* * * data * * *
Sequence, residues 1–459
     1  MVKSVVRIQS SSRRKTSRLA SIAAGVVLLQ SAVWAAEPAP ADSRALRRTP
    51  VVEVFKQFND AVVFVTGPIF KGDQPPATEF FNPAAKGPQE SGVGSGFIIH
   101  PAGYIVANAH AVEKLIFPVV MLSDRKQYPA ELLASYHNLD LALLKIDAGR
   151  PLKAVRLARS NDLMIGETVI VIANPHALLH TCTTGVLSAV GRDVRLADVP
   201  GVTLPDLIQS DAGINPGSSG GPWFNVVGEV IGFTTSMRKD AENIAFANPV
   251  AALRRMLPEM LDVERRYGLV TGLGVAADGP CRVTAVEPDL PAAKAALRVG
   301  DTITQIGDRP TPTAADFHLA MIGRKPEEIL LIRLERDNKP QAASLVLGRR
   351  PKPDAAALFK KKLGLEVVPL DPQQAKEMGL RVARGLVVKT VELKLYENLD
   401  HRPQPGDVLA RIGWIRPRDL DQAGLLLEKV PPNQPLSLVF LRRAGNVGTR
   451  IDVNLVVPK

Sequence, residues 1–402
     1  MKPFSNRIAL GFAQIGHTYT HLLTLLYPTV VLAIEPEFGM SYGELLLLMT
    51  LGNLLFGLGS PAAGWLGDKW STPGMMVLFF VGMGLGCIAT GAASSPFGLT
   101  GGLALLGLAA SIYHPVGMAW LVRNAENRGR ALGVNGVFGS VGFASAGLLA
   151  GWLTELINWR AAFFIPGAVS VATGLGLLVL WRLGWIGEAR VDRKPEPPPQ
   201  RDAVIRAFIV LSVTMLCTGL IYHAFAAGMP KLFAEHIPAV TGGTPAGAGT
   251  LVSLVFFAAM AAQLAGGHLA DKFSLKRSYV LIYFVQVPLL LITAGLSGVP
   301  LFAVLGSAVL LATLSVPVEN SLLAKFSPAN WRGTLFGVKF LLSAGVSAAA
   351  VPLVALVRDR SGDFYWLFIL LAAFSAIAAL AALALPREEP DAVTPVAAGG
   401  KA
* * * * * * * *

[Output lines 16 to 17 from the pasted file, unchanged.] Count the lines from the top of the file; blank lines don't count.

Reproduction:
   151  GWLTELINWR AAFFIPGAVS VATGLGLLVL WRLGWIGEAR VDRKPEPPPQ
   201  RDAVIRAFIV LSVTMLCTGL IYHAFAAGMP KLFAEHIPAV TGGTPAGAGT